Terms needed: Summer 2018, Fall 2018, Spring 2019
Faculty mentor name: Sandy DeBano
BES Facility: HAREC
Location (town) of internship: Hermiston
Hourly Salary: $13 Expected hours/week: 40
Student may be asked to work on weekends or outside of 8-5. Students may work more than 8 hours a day when doing fieldwork (but not more than 40 hours per week), or may start earlier than 8 AM or end later than 5 PM.
Are Housing Benefits included in addition to hourly salary? no
Student will be operating vehicles or farm equipment/machinery. Student will need to submit a driving background
Grasslands and forests serve agriculture in numerous ways, including providing extensive rangeland habitat for livestock production. These rangelands also serve as important habitat for pollinators, including native bees which, in turn, are important crop pollinators. In fact, native bees are estimated to pollinate over $3 billion of crops in the US annually. Because of this, producers and land managers are interested in developing management plans that not only focus on livestock production goals, but also on maximizing pollinator habitat in these areas. This internship focuses on how livestock and native ungulate management, fire, non-native annual grasses, and riparian restoration influence native bees in eastern Oregon.
The intern involved with this project will work on two projects focused on how land management and invasive weeds influence native bees. The grassland project will take place at The Nature Conservancy’s Zumwalt Prairie Preserve near Enterprise, OR – the largest intact remnant of the once extensive Northwsest Bunchgrass Prairie. The forest project will take place at the USFS Starkey Experimental Forest and Range near La Grande, OR. The objectives of the project are to:
1) examine how fire, invasive annual grass invasion, and livestock grazing interact to affect grassland native bees and the plants they depend on; and
2) investigate the effect of riparian restoration, native ungulate herbivory, and a new livestock grazing regime on native bees and the plants in forest habitats.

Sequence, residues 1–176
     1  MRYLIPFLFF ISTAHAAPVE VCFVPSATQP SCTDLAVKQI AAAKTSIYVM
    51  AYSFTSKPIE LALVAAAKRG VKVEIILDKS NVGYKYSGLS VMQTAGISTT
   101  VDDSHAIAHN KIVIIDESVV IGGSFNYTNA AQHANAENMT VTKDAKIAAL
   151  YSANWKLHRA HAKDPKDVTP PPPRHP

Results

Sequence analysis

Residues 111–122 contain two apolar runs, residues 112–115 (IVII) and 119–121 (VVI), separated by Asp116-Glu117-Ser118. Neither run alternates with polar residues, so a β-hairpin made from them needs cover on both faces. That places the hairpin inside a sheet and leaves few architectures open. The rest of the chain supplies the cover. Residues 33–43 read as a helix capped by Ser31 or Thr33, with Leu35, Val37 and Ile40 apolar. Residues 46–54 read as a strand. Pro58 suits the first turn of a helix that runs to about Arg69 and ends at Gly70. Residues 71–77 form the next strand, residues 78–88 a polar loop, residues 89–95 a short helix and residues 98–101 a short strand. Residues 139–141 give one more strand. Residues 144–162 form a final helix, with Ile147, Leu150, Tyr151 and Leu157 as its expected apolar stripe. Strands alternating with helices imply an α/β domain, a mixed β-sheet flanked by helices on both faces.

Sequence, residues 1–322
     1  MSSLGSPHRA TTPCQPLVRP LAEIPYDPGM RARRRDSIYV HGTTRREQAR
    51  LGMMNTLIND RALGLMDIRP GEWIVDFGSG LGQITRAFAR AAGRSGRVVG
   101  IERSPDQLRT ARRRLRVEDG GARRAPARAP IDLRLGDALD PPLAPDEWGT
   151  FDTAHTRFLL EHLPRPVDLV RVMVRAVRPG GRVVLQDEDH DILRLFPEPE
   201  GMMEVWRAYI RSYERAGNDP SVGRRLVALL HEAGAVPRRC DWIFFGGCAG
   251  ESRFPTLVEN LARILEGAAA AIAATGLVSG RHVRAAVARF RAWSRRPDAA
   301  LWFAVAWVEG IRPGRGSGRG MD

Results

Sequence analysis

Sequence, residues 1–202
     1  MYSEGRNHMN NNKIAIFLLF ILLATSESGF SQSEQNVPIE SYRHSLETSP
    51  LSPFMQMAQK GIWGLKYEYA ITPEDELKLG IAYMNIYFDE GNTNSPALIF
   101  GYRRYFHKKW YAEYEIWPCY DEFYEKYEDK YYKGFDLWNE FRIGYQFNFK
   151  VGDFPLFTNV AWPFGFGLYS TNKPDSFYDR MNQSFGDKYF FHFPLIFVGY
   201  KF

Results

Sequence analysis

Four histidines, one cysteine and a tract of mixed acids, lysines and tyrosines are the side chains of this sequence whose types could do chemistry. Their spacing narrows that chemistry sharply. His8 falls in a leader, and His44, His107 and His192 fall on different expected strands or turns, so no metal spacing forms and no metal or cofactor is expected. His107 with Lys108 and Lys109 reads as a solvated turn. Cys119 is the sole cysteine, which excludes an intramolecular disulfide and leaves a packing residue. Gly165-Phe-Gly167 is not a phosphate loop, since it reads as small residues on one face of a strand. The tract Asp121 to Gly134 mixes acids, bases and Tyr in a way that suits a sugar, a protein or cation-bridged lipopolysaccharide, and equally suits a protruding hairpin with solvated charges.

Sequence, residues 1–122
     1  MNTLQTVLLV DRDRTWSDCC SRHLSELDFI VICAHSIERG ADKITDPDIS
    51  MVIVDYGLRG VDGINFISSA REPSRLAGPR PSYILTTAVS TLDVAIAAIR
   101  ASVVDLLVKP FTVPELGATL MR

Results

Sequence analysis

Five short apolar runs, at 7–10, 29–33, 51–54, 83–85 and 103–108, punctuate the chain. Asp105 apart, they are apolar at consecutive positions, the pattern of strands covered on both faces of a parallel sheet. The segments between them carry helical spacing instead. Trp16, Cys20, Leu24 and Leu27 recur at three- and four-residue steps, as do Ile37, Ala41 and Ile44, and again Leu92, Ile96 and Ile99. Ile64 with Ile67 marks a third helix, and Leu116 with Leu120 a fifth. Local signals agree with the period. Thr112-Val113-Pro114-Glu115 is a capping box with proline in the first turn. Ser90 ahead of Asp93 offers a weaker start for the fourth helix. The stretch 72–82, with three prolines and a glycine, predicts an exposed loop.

The internship will involve both field and laboratory work. Field work may last all day and involve physical activities such as extensive walking to and among field sites while carrying up to 25 pounds of equipment, collecting bees and other insects using nets and other trapping techniques, and sampling plants and soils. It is anticipated that 50-70% of the intern’s time will be spent in the field and the remaining time in the laboratory. Most field work will take place at remote locations that involve staying in field station housing or camping for up to a week at a time. Laboratory work will consist of preparing insect specimens for identification (e.g., washing, drying, pinning, and labeling specimens), organizing insect collections, cataloging plant specimens, and entering data into Excel. The intern may also be involved in soil sampling and other field sampling methods necessary to characterize study sites. The intern can expect to learn or further develop existing skills in vegetation and soil sampling, bee sampling methods, laboratory techniques (including bee and plant preparation and preservation), data entry and analysis, and presentation skills in the development of their final project. Although helpful, no previous experience with insects or plants is necessary. The intern must have a driver’s license.